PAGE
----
Chen Xianmei (Chinese: 陈贤妹) is a cook and trash collector on a street lined with hardware shops in Foshan, Guangdong Province.
Wrinkled and plainly dressed, the slim woman hardly attracts attention when walking on the street, except the occasion sneer or sideways glance for her seemingly indecent job. Yet it was the scrap collector who dwarfed 18 passersby on the street Oct. 13, 2011, when a toddler was run over by a white van on a narrow lane.
The car paused, and then accelerated, crushing the child a second time. Two passengers and a cyclist passed, noticing the bleeding child in the middle of the street, but making no attempt to help, leaving two-year-old Wang Yue where she lay. Just minutes later, she was run over again by another vehicle. Another 15 people passed. But still none went to her aid.
Then came Chen, she rushed to the girl. Unable to hold the soft and lifeless girl up, Chen put the child to the roadside and shouted to the neighboring shops to see if her parents were around. It was then that Yueyue’s mother found her gravely injured girl and rushed the child to hospital. The mother later knelt down in front of Chen to show her gratitude, crying uncontrollably.
Born in suburban Yangshan County, Guangdong Province, in 1953, Chen migrated to the city of Foshan seeking an urban life and the opportunities it brings. Surrounded by reporters in the wake of the incident, the village woman said she never thought she would find herself in the limelight. “It’s very common to rescue people who need help. I don’t know what people are so astonished by,” said Chen. “Over the last few days, I’ve gotten so many calls from journalists that I hardly have time to eat.”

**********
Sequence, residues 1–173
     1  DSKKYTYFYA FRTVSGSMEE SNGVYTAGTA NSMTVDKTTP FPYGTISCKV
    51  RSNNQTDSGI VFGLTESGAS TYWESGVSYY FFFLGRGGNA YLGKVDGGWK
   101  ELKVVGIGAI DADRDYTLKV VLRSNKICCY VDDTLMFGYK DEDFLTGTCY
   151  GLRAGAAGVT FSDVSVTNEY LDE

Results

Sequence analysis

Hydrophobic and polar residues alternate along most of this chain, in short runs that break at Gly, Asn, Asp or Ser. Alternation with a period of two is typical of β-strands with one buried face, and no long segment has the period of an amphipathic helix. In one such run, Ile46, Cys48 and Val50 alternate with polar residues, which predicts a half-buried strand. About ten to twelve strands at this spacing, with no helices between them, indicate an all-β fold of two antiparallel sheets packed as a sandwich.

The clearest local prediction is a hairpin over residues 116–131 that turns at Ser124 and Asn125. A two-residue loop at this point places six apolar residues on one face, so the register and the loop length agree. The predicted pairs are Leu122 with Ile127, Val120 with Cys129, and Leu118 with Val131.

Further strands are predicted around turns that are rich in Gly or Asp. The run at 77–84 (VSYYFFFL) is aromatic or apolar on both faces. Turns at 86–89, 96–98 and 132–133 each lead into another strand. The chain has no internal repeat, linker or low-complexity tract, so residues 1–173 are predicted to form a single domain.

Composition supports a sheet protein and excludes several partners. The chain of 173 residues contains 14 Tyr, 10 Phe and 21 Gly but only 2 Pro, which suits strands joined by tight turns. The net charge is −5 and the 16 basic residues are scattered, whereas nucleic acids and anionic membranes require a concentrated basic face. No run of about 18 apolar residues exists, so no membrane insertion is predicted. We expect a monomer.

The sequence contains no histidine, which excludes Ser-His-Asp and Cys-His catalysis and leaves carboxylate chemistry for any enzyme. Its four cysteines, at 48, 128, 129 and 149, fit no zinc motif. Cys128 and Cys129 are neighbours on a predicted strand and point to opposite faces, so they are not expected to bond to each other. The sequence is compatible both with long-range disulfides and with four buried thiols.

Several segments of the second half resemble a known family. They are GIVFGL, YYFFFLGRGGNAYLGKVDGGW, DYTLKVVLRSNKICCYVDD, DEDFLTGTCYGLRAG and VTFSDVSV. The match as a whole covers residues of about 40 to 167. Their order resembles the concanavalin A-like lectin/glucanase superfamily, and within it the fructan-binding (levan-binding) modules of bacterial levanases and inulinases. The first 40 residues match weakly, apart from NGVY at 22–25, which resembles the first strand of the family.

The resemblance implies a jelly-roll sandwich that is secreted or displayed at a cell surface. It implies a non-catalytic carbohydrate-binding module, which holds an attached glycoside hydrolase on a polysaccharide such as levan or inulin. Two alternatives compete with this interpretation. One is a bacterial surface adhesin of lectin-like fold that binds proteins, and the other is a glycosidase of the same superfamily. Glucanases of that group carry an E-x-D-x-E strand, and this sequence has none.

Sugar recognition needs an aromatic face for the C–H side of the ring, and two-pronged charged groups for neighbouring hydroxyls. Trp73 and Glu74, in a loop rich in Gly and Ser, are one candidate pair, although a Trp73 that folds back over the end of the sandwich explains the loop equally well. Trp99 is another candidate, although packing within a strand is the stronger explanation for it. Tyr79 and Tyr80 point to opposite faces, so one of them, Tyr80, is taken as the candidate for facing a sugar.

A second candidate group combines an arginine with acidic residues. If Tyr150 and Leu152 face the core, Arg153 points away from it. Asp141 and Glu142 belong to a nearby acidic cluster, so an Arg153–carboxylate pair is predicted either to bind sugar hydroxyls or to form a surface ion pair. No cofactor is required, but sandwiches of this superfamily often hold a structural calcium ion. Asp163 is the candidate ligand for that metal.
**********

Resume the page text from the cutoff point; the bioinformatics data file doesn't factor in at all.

Chen was awarded about 11,000 yuan (US$1,725) for her good deed by the local government. Chen said she would donate some to Yueyue, who was in the Intensive Care Unit (ICU) at a military hospital in Guangdong. The child’s surgeon said the child’s best outcome is likely to emerge brain dead.
Despite critics who ridiculed Chen’s deed as a scheme to win money and fame, the rural woman said she would insist in her belief in helping those in need.
Chen’s story has embarrassed the nation, sparking a hot debate over whether the country’s breakneck development has damaged people’s ability to show sympathy and love. Although the two drivers have been arrested, the 18 indifferent passersby remain uncharged, leaving a moral vacuum the country might need years or even generations to fill.
According to the military hospital in Guangzhou, the girl died at 0:32am, October 21, 2011.